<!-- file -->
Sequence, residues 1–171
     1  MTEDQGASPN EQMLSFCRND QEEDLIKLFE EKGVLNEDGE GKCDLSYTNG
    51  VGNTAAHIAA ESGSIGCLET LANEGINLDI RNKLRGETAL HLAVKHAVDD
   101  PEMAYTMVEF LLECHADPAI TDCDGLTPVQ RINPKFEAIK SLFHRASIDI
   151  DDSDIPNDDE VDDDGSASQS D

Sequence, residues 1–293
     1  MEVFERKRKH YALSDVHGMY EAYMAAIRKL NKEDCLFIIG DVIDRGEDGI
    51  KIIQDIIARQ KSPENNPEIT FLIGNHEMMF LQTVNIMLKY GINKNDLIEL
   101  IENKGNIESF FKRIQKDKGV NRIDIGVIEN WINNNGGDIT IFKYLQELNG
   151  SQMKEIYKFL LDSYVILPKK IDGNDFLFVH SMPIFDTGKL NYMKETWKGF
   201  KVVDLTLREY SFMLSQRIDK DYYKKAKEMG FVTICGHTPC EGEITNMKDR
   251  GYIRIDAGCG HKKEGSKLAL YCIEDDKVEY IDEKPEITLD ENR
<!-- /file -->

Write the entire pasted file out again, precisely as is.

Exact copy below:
Sequence, residues 1–171
     1  MTEDQGASPN EQMLSFCRND QEEDLIKLFE EKGVLNEDGE GKCDLSYTNG
    51  VGNTAAHIAA ESGSIGCLET LANEGINLDI RNKLRGETAL HLAVKHAVDD
   101  PEMAYTMVEF LLECHADPAI TDCDGLTPVQ RINPKFEAIK SLFHRASIDI
   151  DDSDIPNDDE VDDDGSASQS D

Sequence, residues 1–293
     1  MEVFERKRKH YALSDVHGMY EAYMAAIRKL NKEDCLFIIG DVIDRGEDGI
    51  KIIQDIIARQ KSPENNPEIT FLIGNHEMMF LQTVNIMLKY GINKNDLIEL
   101  IENKGNIESF FKRIQKDKGV NRIDIGVIEN WINNNGGDIT IFKYLQELNG
   151  SQMKEIYKFL LDSYVILPKK IDGNDFLFVH SMPIFDTGKL NYMKETWKGF
   201  KVVDLTLREY SFMLSQRIDK DYYKKAKEMG FVTICGHTPC EGEITNMKDR
   251  GYIRIDAGCG HKKEGSKLAL YCIEDDKVEY IDEKPEITLD ENR